I have some experience with programming in other languages, but I'm new
Here's a problem I encoutered writing my first program:
I got these two classes, both classes are defined in the same file
(let's call it "modA"):
#inits some instance variables
class B < A
def initialize(x, y)
myX = x
myY = y
If I create instances of B in the same file (!), everything is OK
b = B.new('sth', 'anotherSth')
But if create another file and 'include modA' and do the same all I get
../blogdata.rb:23:in `initialize': wrong number of arguments(0 for 2)
from ./blogdata.rb:23:in `new'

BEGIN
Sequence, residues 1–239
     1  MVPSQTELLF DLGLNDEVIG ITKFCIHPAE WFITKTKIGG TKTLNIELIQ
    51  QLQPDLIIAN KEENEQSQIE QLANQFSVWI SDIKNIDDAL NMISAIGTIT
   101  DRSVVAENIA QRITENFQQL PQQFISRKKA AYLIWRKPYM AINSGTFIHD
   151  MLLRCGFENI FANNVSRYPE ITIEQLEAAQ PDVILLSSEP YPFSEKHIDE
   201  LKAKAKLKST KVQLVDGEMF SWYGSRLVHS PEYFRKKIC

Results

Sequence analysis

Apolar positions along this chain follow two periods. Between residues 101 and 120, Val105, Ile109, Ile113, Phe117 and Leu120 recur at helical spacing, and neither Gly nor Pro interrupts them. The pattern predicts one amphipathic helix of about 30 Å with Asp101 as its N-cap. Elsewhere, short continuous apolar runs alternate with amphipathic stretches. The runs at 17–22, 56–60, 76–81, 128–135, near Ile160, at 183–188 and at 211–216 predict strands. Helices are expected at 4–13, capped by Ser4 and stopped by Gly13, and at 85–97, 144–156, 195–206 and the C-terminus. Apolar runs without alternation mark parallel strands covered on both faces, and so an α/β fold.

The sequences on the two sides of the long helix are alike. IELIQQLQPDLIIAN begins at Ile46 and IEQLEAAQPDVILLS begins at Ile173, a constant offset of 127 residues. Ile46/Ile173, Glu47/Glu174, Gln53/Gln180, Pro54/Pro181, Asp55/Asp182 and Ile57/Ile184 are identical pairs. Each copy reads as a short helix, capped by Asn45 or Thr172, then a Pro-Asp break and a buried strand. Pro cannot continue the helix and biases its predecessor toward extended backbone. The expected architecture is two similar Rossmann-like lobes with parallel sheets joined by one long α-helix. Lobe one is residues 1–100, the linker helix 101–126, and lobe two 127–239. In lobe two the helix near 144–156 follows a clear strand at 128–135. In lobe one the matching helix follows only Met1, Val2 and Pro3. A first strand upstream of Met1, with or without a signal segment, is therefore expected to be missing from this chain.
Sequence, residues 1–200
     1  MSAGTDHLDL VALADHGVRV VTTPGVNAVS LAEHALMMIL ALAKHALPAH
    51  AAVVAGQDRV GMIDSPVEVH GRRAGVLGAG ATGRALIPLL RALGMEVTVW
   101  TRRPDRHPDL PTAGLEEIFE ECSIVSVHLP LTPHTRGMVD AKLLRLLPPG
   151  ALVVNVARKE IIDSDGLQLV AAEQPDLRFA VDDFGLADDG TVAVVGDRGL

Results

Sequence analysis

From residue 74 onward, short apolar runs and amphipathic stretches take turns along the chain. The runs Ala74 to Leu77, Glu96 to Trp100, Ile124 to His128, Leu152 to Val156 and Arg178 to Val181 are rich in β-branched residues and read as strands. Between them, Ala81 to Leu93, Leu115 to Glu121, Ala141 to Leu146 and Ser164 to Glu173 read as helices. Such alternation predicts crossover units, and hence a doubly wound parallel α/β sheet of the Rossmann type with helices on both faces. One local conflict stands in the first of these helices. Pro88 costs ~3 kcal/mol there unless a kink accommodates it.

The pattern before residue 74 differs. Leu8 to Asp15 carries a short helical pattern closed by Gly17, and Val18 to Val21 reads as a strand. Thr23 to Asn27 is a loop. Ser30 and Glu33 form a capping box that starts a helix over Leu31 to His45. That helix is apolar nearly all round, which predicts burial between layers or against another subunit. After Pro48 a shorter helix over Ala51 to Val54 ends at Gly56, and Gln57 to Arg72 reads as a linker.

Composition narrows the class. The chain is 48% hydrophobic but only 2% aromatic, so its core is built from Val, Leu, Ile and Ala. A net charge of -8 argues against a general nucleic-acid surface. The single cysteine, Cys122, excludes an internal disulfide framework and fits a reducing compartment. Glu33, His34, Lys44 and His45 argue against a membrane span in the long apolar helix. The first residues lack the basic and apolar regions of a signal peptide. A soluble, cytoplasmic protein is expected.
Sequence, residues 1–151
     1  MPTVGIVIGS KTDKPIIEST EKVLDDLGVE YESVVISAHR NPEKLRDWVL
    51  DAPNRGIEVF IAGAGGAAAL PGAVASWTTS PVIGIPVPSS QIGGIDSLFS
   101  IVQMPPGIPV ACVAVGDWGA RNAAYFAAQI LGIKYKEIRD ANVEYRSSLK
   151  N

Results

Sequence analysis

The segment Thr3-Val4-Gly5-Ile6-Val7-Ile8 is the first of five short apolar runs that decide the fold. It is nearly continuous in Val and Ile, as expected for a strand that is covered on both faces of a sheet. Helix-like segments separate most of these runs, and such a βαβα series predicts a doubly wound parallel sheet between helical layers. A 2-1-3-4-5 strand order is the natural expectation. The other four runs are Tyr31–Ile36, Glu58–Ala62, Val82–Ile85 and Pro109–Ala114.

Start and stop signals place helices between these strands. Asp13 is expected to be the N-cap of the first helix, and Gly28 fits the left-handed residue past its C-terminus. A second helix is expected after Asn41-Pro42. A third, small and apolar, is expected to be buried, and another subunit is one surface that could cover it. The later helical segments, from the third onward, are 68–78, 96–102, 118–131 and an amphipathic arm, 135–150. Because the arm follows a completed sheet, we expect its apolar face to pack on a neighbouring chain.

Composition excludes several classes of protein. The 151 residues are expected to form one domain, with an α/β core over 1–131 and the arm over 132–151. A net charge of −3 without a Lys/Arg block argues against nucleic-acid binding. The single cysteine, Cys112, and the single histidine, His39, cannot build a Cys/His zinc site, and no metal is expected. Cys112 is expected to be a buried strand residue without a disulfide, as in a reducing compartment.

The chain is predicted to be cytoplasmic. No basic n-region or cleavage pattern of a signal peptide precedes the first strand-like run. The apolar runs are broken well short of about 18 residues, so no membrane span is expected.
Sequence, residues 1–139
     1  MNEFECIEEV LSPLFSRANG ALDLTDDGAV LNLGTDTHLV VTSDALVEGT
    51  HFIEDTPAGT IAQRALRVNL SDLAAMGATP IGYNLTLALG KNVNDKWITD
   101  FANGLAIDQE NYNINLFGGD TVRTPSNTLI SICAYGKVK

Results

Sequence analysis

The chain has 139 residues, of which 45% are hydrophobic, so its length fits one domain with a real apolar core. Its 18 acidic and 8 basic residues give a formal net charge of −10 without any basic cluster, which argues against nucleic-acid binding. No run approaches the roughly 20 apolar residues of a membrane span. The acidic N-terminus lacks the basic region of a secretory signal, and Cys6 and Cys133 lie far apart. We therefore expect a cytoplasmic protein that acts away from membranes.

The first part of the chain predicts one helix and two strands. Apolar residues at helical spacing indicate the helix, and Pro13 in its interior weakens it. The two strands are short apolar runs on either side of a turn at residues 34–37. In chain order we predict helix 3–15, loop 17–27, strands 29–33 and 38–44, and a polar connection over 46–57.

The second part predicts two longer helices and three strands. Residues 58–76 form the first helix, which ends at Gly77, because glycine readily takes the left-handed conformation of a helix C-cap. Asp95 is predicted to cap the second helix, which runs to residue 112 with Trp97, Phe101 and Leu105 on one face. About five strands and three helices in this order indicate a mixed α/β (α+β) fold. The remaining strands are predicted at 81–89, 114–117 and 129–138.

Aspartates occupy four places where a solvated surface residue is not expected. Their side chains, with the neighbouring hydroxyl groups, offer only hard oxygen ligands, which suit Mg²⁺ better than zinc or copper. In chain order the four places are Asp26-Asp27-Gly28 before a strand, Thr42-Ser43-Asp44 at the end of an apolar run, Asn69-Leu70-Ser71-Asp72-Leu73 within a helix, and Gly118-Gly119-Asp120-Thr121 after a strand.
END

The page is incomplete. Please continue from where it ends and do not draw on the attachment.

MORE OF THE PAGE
from ./blogdata.rb:23:in `initialize'
from ./blogdata.rb:32:in `initialize'
from UI.rbw:5:in `new'
So it seems like B is trying to pass the two params it received on to A.
A doesn't define 'initialize' with two params to I get an error.
I looked in the "Ruby Man Docs" and on the syntax page the author states:
"the super invokes the method which the current method overrides. If no
arguments given, arguments to the current method passed to the method."
Can I change this behaviour? Do I need to introduce an "initialize(a,b)'
in my A class? Why does it work if my code is written in the same file?
Lots of questions I'm sure somebody here can answer!
Thanks in advance,